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Curr Environ Health Rep. 2016 Mar;3(1):13-22. doi: 10.1007/s40572-016-0081-4.

An Overview of Occupational Risks From Climate Change.

Author information

1
Department of Environmental and Occupational Health, Milken School of Public Health, George Washington University, 950 New Hampshire Avenue Northwest, Washington, DC, 20052, USA.
2
Department of Environmental and Occupational Health, Milken School of Public Health, George Washington University, 950 New Hampshire Avenue Northwest, Washington, DC, 20052, USA. mperry@gwu.edu.

Abstract

Changes in atmosphere and temperature are affecting multiple environmental indicators from extreme heat events to global air quality. Workers will be uniquely affected by climate change, and the occupational impacts of major shifts in atmospheric and weather conditions need greater attention. Climate change-related exposures most likely to differentially affect workers in the USA and globally include heat, ozone, polycyclic aromatic hydrocarbons, other chemicals, pathogenic microorganisms, vector-borne diseases, violence, and wildfires. Epidemiologic evidence documents a U-, J-, or V-shaped relationship between temperature and mortality. Whereas heat-related morbidity and mortality risks are most evident in agriculture, many other outdoor occupational sectors are also at risk, including construction, transportation, landscaping, firefighting, and other emergency response operations. The toxicity of chemicals change under hyperthermic conditions, particularly for pesticides and ozone. Combined with climate-related changes in chemical transport and distribution, these interactions represent unique health risks specifically to workers. Links between heat and interpersonal conflict including violence require attention because they pose threats to the safety of emergency medicine, peacekeeping and humanitarian relief, and public safety professionals. Recommendations for anticipating how US workers will be most susceptible to climate change include formal monitoring systems for agricultural workers; modeling scenarios focusing on occupational impacts of extreme climate events including floods, wildfires, and chemical spills; and national research agenda setting focusing on control and mitigation of occupational susceptibility to climate change.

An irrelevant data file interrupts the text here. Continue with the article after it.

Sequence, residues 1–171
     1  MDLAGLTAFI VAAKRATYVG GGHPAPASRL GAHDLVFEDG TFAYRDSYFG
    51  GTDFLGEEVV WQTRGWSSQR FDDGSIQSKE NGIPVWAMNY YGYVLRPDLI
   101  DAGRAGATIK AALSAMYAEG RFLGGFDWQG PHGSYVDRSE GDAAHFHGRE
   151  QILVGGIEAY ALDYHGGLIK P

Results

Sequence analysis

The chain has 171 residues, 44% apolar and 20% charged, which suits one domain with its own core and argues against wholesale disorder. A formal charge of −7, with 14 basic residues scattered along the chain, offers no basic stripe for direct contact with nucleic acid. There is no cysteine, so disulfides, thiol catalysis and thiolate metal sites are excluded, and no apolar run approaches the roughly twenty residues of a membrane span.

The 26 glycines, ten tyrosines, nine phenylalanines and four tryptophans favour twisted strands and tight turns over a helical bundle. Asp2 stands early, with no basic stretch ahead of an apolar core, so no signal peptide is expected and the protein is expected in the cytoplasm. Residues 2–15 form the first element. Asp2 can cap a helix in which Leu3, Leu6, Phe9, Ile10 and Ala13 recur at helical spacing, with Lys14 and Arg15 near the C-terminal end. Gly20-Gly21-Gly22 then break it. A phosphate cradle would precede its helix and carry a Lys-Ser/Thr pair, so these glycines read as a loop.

KEYWORDS:

Climate change; Heat; Occupational risks; Other chemicals; Ozone; Pathogenic microorganisms; Polycyclic aromatic hydrocarbons; Vector-borne diseases; Violence and wildfires

PMID:
26842343
DOI:
10.1007/s40572-016-0081-4
[Indexed for MEDLINE]

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